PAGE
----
A member of British Prime Minister Tony Blair's Labour Party quit his defence post on Wednesday to protest the government's handling of the West Asia crisis and its close alignment with the United States.
Lawmaker Jim Sheridan said he was stepping down as a parliamentary private secretary to the Ministry of Defence. "I can no longer support our government's close relationship with America and their objectives for the West Asia," he wrote in a resignation letter to Blair, which his office released.
Meanwhile, Blair, vacationing with his family in the Caribbean, spoke by phone to US President George W Bush about efforts to secure a UN resolution to stop the fighting between Israel and Hezbollah, Blair's office said.
A spokesman said the Prime Minister would speak to other world leaders later on Wednesday.
"He is working hard to find a compromise with all concerned," the spokesman said, speaking on condition of anonymity in keeping with government policy. "His priority remains getting a resolution as quickly as possible because he wants the violence to stop."
The United States and France appeared at odds over Arab demands to change the resolution they are co-sponsoring to call for a complete halt in Israeli-Hezbollah hostilities and withdrawal of Israeli forces, diplomats said.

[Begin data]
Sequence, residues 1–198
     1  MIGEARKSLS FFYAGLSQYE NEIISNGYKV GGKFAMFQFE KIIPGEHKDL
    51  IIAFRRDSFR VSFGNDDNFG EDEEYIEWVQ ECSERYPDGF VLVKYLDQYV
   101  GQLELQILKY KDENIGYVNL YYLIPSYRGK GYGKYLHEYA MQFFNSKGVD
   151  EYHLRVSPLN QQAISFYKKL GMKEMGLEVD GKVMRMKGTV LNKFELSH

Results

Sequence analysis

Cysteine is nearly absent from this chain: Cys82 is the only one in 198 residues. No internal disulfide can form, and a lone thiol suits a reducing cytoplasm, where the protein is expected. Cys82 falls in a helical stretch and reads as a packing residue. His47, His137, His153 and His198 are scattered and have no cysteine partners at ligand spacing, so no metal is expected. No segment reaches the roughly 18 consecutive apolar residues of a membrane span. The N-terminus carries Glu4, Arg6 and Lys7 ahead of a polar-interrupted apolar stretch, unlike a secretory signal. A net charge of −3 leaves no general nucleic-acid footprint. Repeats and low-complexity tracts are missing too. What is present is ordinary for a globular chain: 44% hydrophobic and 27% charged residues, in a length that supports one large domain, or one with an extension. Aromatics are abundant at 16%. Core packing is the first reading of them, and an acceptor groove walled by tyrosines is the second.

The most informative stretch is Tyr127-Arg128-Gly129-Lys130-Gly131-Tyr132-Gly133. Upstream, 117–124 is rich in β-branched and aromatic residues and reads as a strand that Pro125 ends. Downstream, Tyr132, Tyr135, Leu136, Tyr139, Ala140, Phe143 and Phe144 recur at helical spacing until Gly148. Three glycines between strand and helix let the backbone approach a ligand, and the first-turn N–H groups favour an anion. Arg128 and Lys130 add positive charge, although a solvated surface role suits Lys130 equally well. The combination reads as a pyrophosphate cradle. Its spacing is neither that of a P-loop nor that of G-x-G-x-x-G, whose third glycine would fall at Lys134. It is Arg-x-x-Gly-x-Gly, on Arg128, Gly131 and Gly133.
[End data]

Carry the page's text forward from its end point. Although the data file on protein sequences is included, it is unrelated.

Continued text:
Sheridan criticised the stopover at a British airport last month of two US flights carrying missiles to Israel.
Blair's office has said Bush apologised for the flights' stopping without declaring the cargo they were carrying.
But the Prime Minister says Britain did not act inappropriately, and dismissed some critics' calls for him to ban US military aircraft from landing on British airfields.
Sheridan criticised "the government's position of calling for restraint on both sides of the current conflict in Lebanon whilst facilitating the refuelling of aircraft in our country carrying real weapons of mass destruction."
"I do not expect my resignation to have any significant impact on your objectives for the West Asia, which I genuinely believe to be honourable on your part, but which do not reflect, in my view, the core values of the Labour Party or of the country," he wrote.
Blair has angered many in his party by refusing to call for an immediate end to the fighting between Israel and Hezbollah militants. Opponents said he was simply following Bush's lead, and perceived their stance as giving Israel tacit permission to pound Hezbollah, a charge Blair denied.
Both leaders have said it is more important to lay the groundwork for a lasting peace than to demand fighting stop right away. No ceasefire will last, they argue, unless it addresses the underlying problem of Hezbollah's ability to attack Israel.